During the fermentation process, the formation of bubbles were seen, and the yeast in the mixture began to rise as the balloon on the bottle began to increase in size, as time passed, a larger inflation was seen, and the balloon eventually fell. When the balloon was removed from the bottle, it had the appearance of a foamy layer at the top of the bottle with numerous bubbles, a liquid portion at the bottom, and the combination smelled strongly of alcohol and was very sour.


  • Is fermentation affected by temperature? Explain.


This is so because the temperature has an impact on the speed of chemical reactions, and it directly affects yeast fermentation. The yeast will produce the most carbon dioxide when it is at its ideal temperature, which is 67°C. However, yeast will create more carbon dioxide as the temperature rises, but eventually, when the yeast cells have become denatured due to the temperature rise, the output of carbon dioxide will start to decline.

  • What substance, other than ethanol, is produced during fermentation?

Carbon Dioxide.

  • Describe an appropriate control that you could have used in this experiment.

An appropriate control that could have been used in the experiment would be the type of sugar used, because the type of sugar used impacts how quickly yeast produces alcohol.

  • How did you know when the fermentation was finished?

The researcher knew the process was complete after noticing that the gas emissions halted because the balloon had stopped expanding.

  • Name a carbohydrate that you supplied to the yeast as an energy source.

The carbohydrate supplied to the yeast as an energy source was table sugar.

  • Give an account of a chemical test to demonstrate that alcohol has been produced.

A chemical test that can be used to demonstrate that alcohol has been produced is the Jones test which uses chromium trioxide in the presence of sulfuric acid to act as a potent oxidizing agent. A primary alcohol initially becomes an aldehyde when Jones’ reagent is present. The secondary alcohol will next undergo oxidation, turning it into a ketone, while the carboxylic acid will follow. The key to this test is the chromium oxidation state. In Jones’ reagent, chromium is in the +6 oxidation state. The reagent’s vibrant crimson and orange color is a result of the presence of Cr(VI) complexes.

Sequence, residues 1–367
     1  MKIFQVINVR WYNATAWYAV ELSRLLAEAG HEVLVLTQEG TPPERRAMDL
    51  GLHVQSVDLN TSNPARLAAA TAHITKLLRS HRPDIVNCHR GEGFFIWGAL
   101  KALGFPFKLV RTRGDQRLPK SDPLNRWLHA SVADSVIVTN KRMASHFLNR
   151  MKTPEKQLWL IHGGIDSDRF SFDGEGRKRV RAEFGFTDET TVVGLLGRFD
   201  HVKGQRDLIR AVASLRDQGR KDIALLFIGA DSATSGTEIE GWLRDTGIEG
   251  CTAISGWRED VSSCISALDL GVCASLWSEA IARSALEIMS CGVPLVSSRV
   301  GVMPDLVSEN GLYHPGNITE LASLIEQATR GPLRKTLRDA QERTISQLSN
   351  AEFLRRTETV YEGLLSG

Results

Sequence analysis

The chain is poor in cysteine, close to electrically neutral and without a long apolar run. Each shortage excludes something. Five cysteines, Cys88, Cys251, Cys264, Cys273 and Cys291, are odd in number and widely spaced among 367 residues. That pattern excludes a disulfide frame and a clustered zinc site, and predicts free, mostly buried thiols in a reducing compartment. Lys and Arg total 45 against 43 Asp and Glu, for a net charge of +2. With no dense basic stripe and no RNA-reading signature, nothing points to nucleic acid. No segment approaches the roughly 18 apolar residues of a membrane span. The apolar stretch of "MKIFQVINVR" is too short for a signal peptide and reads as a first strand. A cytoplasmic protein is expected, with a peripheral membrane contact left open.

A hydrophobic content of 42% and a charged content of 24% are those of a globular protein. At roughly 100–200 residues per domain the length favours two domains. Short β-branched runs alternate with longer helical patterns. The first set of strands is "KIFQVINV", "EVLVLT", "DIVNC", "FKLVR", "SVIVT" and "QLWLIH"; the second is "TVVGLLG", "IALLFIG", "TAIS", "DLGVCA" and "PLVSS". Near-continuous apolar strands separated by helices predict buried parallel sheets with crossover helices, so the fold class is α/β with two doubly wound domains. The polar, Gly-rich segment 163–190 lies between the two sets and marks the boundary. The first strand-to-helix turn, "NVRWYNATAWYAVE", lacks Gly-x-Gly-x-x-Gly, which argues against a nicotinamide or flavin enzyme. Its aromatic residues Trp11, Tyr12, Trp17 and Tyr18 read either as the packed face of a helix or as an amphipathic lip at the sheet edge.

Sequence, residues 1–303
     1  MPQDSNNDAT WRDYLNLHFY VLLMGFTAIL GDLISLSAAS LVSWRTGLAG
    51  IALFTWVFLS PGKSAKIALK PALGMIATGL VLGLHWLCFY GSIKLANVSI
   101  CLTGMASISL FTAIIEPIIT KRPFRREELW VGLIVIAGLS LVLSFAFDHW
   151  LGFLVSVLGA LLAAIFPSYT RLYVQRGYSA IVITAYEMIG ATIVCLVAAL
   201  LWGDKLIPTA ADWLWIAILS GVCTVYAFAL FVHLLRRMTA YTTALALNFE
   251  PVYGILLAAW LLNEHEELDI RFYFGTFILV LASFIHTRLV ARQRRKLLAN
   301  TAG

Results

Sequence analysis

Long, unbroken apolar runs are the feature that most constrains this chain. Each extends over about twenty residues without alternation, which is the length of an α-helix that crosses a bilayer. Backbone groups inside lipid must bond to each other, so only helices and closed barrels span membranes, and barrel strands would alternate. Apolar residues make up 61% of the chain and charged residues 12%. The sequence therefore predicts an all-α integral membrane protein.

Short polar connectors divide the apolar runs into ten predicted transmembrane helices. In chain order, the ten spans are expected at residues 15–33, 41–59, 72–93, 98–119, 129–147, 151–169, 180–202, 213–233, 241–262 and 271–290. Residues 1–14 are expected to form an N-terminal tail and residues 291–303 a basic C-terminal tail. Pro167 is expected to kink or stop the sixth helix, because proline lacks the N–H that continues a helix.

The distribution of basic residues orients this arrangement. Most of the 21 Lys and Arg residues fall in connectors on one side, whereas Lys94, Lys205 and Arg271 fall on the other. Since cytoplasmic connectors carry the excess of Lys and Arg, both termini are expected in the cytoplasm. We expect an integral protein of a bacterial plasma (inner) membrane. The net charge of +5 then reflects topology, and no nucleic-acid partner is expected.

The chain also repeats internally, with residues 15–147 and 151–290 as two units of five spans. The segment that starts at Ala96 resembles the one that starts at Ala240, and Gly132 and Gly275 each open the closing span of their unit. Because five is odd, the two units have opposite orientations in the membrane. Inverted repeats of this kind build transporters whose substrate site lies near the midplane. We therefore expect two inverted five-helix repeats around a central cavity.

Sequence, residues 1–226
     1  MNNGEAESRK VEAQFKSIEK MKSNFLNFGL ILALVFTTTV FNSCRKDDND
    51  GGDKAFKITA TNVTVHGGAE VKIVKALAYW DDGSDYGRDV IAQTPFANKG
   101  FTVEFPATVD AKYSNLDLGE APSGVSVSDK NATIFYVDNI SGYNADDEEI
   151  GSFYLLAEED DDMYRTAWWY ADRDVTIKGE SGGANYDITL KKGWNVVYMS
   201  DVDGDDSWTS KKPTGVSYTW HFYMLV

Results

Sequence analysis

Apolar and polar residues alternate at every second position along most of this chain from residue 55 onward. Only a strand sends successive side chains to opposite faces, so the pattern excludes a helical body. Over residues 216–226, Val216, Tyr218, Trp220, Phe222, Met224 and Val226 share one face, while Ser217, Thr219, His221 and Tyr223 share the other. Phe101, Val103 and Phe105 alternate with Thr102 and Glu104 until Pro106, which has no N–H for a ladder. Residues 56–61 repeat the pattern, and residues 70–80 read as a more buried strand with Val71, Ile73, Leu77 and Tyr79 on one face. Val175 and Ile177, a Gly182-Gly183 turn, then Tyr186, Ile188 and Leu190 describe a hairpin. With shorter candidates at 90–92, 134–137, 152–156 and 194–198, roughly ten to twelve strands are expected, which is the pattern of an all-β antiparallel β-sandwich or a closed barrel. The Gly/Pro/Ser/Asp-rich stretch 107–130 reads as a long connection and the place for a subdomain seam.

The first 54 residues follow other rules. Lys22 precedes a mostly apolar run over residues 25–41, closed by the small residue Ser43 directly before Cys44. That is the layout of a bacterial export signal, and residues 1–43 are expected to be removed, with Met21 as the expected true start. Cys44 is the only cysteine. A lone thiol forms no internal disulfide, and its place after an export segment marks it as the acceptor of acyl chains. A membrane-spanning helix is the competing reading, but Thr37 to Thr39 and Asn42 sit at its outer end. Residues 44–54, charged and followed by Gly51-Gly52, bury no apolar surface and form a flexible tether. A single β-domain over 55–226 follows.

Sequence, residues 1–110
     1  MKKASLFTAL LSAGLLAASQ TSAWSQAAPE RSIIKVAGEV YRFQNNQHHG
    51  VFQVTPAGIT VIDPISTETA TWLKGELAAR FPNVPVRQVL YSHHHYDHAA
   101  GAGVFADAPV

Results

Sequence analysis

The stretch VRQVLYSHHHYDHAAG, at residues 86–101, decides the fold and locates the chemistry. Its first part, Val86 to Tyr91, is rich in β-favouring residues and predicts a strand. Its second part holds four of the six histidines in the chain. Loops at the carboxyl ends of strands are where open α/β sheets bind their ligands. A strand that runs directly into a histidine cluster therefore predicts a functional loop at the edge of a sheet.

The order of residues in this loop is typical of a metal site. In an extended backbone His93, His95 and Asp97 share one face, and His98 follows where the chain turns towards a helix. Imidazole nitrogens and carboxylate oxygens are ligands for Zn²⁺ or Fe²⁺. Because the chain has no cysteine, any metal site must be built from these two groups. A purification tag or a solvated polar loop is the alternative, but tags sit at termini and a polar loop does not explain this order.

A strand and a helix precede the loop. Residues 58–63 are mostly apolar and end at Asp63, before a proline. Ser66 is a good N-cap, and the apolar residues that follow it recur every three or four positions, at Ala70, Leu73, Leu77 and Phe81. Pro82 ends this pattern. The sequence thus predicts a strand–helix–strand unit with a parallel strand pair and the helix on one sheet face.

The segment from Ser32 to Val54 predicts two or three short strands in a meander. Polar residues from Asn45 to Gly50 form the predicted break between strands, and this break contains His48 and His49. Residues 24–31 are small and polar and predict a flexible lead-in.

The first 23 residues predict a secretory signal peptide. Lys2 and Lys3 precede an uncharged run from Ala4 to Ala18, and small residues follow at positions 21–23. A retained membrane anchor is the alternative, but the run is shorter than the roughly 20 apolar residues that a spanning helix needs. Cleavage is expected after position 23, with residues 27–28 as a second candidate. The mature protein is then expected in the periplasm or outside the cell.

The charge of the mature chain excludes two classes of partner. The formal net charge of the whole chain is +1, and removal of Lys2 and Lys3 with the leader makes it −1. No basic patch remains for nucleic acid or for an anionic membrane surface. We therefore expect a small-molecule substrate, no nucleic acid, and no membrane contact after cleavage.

• Why does fermentation eventually cease? 

Fermentation eventually ceases because there is insufficient sugar left to finish the reaction because the yeast cells consume all of the sugar or because of a rise in the alcohol concentration, destroying the yeast cells.


A fungus called yeast breaks down sugar into CO2 and ethanol as a byproduct. Carbon dioxide gas is created as the sugar is consumed by the yeast. Inside the balloon, the trapped CO2 gradually builds up and causes it to inflate. The balloon inflated after a few minutes because a reaction occurs when particles meet with energies greater than or equal to the activation energy. Active yeast interacted with the sugar to make ethanol and CO2 gas, inflating the balloon. However, because there was so much sugar added and because the rate of fermentation increased as sugar concentration increased, particle collisions increased, and the fermentation process produced considerably more byproducts, which encouraged the active yeast to produce more CO2 and ethanol. As a result, the balloon expanded slightly before inflation stopped.


In conclusion, yeast will ferment in the presence of sugar to produce ethanol, carbon dioxide, and energy. As such, the type of sugar used in the process impacts how quickly yeast produces alcohol.


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  2. Biology Online. (2019, October 7). Fermentation Definition and Examples – Biology Online Dictionary. Biology Articles, Tutorials & Dictionary Online.
  3. Alcoholic Fermentation – Definition, Location, Equation, Products, Reactants, Agent, Subproducts. (n.d.). BYJUS.
  4. Ethanol Fermentation – an overview | ScienceDirect Topics. (2010).
  5. Acetic Acid Bacteria – an overview | ScienceDirect Topics. (2011).
  6. Gomes, R. J., Borges, M. de F., Rosa, M. de F., Castro-Gómez, R. J. H., & Spinosa, W. A. (2018). Acetic Acid Bacteria in the Food Industry: Systematics, Characteristics and Applications. Food Technology and Biotechnology56(2).